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Tenacious ‘The Buccaneers’ is an imbalanced but stirring ascent into British high society

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Grade: 3.0/5.0

With the immense success of British period pieces such as “Bridgerton” or “The Crown,” it comes as no surprise that other producers are keen to explore the popular milieu of historic Britain in all of its decadent glory. Apple TV+’s latest series, “The Buccaneers,” is its foray into the era, loosely inspired by Edith Wharton’s unfinished novel of the same name.

“The Buccaneers” follows a rambunctious quintet of American women who journey across the pond in search of a marriage proposal. A group of British men, poor but landowning, are enticed by their new-money background and eager to take their hand in marriage. If only things could remain that blissfully simple for the women. 

Conchita Closson (Alisha Boe) falls pregnant with a British nobleman’s child before the two marry and return to his home in England, after which she is challenged with burdensome high society expectations. Anabel “Nan” St. George (Kristine Froseth) is naive but earnest in her pursuit of true love, only to get stuck in a love triangle as she uncovers a disastrous secret about her past. Her sister, Virginia “Jinny” St. George (Imogen Waterhouse) is eager to marry, but holds the weight of responsibility on her shoulders as the eldest daughter. Mabel Elmsworth (Josie Totah), too, is just as intent on partaking in romantic ventures — simply not the kind that a heteronormative society would embrace. All the while, Mabel’s older sister, Elizabeth “Lizzy” Elmsworth (Aubri Ibrag), struggles with the aftermath of a traumatic event.

“The Buccaneers” relishes in the anachronistic. Where many period pieces work arduously to maintain their historical aesthetic, “The Buccaneers” sets its scenes to Taylor Swift and Phoebe Bridgers as characters contemplate issues of race, gender and class. In the same way that the female cast challenges the norms of British and American society alike, “The Buccaneers” contests what exactly defines a period as it ventures across eras in telling the story of its women that defy historical expectations.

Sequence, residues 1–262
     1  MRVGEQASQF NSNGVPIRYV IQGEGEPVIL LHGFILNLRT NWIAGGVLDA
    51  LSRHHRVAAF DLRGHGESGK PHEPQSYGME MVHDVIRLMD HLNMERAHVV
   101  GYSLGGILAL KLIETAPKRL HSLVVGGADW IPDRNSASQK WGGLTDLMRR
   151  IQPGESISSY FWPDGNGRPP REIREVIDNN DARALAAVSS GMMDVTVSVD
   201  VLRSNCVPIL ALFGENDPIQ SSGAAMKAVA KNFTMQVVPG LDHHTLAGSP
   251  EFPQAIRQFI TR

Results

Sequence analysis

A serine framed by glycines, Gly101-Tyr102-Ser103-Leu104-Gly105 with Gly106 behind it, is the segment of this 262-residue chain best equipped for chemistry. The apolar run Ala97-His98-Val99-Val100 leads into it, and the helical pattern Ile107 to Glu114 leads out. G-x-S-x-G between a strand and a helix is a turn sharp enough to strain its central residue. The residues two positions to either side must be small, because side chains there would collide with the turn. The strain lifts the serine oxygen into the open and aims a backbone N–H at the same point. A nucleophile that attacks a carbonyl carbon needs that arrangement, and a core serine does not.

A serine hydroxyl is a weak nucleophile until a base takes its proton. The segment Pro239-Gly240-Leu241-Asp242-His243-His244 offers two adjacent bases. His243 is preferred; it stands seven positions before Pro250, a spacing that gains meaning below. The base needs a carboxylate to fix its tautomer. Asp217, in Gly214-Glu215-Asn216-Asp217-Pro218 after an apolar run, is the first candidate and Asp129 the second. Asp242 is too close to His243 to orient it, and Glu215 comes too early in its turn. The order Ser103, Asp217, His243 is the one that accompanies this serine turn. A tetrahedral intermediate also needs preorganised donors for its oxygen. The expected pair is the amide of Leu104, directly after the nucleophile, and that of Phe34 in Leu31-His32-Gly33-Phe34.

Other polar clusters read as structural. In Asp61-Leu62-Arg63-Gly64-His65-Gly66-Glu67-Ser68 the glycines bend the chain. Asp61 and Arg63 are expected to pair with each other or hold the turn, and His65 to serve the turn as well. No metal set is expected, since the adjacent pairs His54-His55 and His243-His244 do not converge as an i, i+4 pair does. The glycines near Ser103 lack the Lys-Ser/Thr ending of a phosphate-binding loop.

But for a series where so much of the plot hinges on the many romantic relationships and ensuing tensions that arise from them, very few have any chemistry. The performances of the actors aren’t bad per se, but when it comes to romance, it’s very clear that this is not where they or the writing excel. 

Moments of romantic tension feel almost flat compared to the rich relationships between the women in the series. Whether it’s Nan’s lackluster love triangle or her sister Jinny’s elopement, these narrative threads don’t hold a candle to the rich tapestry of sisterhood in “The Buccaneers” and all of the challenges faced along the way. 

“The Buccaneers” would be infinitely more pleasurable if viewers could sit in on intimate moments between sisters, friends and everything in between as they discuss the tumultuous marriage scene of Britain. At its best, the show embraces everything womanhood and sisterhood could mean: wit, freedom, fighting, tenacity and so much more. It’s a shame that the series favors its romantic scenes above the vibrant interpersonal relationships viewers bear witness to.

The beauty of the relationships between the women of the series is only hindered by its scattered pacing. Nan disappears to the British seaside for over a month after a tense argument with her sister, but this period is given a cursory treatment, covered quickly within a few scenes before the show moves onwards. Yet lone parties warrant entire episodes dedicated almost exclusively to them. “The Buccaneers” is teeming with life but so sporadic it’s hard to keep up. Audiences are just as disoriented as the women are in a suffocating and restrictive high society, and the series would benefit from an additional episode or two to fully explore the many narrative threads being woven.

While Wharton’s novel was left incomplete after her untimely death, “The Buccaneers” bravely marches on in an attempt to breathe new life into the narrative. While the result is often unbalanced, the series triumphs as a moving and complex exploration of a group of women and their turbulent journey of love and anguish.

Contact Maida Suta at